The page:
It is quite exhilarating to be out on the open ocean and descend into an abyss of geological formations that a limited number of people will ever get to see. The excitement of exploring depths of up to 140ft make that post dawn check in worth it. Lana’i diving is best known for its impressive rock formations where one can experience swimming through small caverns and lava tubes. Eels, nudibranchs, frogfish, spiny lobster, and the occasional turtle or white tip reef shark bring a nice balance of sea life to the impressive topography.

Molokini Crater is probably one of the most frequently visited Maui dive sites. The inside of the crater is dominated by a variety of snorkel charters and novice swimmers. Luckily it’s possible for scuba divers to escape the crowd. When the current is not pumping, divers get to explore the outer edges of the crater where deeper depths can be found teaming with schools of tang, parrot fish, and sergeant majors. On calm days the backside of Molokini is an ideal playground for advanced divers because it features a wall of coral dropping to about 200 feet.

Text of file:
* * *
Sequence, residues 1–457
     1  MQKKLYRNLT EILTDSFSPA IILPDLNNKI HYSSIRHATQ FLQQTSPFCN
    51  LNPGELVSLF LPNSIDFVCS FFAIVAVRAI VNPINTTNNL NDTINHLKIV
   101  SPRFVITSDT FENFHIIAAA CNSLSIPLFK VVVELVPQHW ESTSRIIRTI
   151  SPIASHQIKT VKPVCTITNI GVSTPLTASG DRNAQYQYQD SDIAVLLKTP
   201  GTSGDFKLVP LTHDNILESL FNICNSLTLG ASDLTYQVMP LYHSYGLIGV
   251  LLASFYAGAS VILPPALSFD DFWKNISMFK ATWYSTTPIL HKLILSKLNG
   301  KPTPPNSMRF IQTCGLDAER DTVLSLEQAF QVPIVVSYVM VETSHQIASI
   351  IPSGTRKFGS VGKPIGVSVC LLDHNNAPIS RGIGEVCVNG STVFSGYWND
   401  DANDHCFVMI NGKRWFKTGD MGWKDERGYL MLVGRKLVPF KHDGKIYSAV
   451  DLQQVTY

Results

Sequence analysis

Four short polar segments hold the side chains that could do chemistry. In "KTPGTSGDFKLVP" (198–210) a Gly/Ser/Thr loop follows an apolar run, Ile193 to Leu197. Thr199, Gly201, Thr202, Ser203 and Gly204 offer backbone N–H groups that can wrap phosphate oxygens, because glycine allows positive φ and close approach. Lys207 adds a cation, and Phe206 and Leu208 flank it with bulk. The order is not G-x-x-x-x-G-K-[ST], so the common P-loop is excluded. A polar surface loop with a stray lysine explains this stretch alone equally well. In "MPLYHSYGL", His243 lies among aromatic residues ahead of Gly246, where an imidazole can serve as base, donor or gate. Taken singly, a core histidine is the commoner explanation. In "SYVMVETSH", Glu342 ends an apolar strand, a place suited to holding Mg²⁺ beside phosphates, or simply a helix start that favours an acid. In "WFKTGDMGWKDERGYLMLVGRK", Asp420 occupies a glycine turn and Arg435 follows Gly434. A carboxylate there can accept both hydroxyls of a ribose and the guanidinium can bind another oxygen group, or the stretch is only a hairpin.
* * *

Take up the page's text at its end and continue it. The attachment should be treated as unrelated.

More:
Just outside of Lahaina, Maui scuba divers that crave wreck diving get to visit the Carthaginian wreck resting at about 100 feet. The Carthaginian was intentionally sunk in 2005 and has amassed new coral colonies that attract various fish species, Nudibranchs, and the occasional White Tip Reef Shark.

Because the Hawaiian islands are so exposed to a range of weather conditions, all islands are heavily affected by trade winds and swell. This is something all scuba divers prone to sea sickness must consider before choosing which Maui dive sites to visit.

So Which Maui Dive Sites Should I Scuba Dive?

To those that want to experience the best variety of diving that Maui has to offer, and just can’t decide between boat and shore diving we always say, “Why not try both?!” Without a doubt a great variety and abundance of sea life can be found at most Maui dive sites, whether descending from a mooring or walking in from the beach.

No matter where you dive, please be mindful of how lucky we are to experience these gorgeous marine environments firsthand, and leave them just as untouched as you find them.

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Maui Dive Sites